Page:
What you need to know about the lawsuit that has forced Texas’ Governor to resign
The lawsuit filed against Gov.
Greg Abbott by Texas Attorney General Ken Paxton and several other state officials alleges that the governor’s decision to sign the health care law and to allow the state to shut down the Medicaid program for poor Texans violated the U.S. Constitution.
Abbott, in a statement Monday night, called the lawsuit baseless.
“The Attorney General’s baseless, politically motivated lawsuit seeks to derail the work of the Governor, the Legislature, and the courts,” he said.
Paxton is expected to address the lawsuit in court.
Abbott’s statement also said he will continue to fight for Texas’ Medicaid program.
“As governor, I will fight for Texans in every way possible,” he added.
“We will continue fighting for every Texas family that deserves healthcare.”
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The lawsuit, filed by the nonprofit Texans for Effective Government, says the Texas Tribune “is a major source of news and information for Texans.
In addition, the Tribune has a history of vigorously defending our state’s rights under the First Amendment and for all Texans.”
Paxton has argued in court that the lawsuit is a distraction from the governor-appointed task force that is looking into ways to reform the health insurance system and that it’s a politically motivated attack.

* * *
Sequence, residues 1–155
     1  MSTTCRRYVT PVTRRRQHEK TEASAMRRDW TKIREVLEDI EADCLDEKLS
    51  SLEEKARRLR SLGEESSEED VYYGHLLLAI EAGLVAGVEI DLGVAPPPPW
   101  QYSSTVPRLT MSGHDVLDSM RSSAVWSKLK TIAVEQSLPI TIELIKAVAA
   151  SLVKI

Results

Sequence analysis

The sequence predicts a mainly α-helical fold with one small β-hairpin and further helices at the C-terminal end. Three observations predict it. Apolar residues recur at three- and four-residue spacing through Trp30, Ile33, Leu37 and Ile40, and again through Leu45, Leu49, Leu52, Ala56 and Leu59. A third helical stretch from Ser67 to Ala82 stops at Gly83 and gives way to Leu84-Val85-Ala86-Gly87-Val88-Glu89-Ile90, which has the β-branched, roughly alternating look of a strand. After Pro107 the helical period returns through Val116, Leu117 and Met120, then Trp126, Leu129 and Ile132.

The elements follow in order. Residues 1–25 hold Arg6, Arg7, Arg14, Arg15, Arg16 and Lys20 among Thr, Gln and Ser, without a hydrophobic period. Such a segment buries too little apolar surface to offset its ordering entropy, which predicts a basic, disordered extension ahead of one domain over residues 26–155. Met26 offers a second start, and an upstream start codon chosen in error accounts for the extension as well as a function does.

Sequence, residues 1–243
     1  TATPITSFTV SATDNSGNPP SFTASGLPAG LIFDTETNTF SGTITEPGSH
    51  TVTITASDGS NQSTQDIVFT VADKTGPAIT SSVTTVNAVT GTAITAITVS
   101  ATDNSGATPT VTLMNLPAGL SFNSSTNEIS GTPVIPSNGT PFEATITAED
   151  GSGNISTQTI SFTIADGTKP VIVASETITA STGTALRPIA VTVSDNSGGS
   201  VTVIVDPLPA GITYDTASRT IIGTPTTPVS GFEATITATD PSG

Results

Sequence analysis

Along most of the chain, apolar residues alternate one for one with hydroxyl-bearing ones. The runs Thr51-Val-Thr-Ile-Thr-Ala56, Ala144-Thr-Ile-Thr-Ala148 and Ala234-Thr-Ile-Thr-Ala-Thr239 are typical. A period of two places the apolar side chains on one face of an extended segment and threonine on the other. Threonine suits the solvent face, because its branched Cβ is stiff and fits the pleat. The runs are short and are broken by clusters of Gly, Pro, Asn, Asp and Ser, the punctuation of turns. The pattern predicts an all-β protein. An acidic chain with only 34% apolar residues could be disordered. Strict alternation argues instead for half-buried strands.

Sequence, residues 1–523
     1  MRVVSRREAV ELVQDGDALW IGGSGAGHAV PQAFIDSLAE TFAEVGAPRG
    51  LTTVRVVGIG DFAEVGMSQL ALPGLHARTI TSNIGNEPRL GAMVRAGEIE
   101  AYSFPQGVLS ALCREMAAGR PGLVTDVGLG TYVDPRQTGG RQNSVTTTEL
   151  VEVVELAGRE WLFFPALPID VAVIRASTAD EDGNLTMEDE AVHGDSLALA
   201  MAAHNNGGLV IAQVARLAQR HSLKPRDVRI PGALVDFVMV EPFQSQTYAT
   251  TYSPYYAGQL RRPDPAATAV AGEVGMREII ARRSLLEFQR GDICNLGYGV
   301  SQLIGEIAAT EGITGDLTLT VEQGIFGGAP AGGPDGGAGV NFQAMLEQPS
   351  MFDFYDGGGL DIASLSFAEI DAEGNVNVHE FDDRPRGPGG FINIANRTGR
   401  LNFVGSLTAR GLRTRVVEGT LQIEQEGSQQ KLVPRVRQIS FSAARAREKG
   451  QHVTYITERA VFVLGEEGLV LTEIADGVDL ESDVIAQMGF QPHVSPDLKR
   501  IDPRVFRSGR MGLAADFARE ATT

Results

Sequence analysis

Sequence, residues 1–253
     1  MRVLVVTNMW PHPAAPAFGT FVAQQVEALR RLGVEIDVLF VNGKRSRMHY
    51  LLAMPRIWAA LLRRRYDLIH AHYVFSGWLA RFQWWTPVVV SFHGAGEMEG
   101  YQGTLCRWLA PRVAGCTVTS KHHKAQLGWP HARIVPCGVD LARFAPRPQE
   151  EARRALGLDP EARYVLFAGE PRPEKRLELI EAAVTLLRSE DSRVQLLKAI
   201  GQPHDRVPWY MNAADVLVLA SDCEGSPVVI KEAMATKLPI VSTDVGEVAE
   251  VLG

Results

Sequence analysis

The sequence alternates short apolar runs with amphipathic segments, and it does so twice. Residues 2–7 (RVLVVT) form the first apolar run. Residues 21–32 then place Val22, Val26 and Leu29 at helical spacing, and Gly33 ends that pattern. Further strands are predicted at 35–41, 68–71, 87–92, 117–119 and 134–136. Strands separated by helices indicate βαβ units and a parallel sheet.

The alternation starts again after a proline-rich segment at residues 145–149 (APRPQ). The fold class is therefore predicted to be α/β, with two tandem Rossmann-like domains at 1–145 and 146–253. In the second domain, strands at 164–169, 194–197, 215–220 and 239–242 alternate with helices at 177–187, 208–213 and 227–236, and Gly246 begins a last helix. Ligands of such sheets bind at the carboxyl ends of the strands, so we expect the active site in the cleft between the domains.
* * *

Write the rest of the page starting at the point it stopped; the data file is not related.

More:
The governor and the Legislature are expected to meet this week to discuss a plan to implement the law, known as SB4.
The Texas Health and Human Services Commission issued a statement last week saying the governor was working with the legislature on a plan that would allow Texas residents who have coverage under their employer-sponsored health plan to keep that coverage while also increasing the number of people eligible for Medicaid.
That includes children under age 18, residents with disabilities and the disabled.
Abbott said he would have vetoed SB4, but a judge on Monday denied his request.
“This is a political attack on Texas,” Abbott said Monday night.
“And that’s why I have the confidence of my lawyers.”
Paeson said in a written statement Monday that the suit “is simply an attempt to undermine the authority of a duly elected governor who has the duty to protect the interests of Texans, and to protect all Texans from the consequences of their own government.”
The lawsuit also alleges that Gov.
Rick Perry, who also serves as attorney general, failed to meet his constitutional duty to “promote health care for all,” and that the attorney general’s actions constituted an abuse of discretion.
The attorney general declined to comment.
The state’s attorney general said the attorney and attorney general are still working out the details of the lawsuit, and that Paxton’s office has not yet received the lawsuit.
“They’re working out all the details, and I hope they’ll get it done before the end of the day,” Texas Attorney Generals office spokesman Patrick Regan said.
The Associated Press contributed to this report.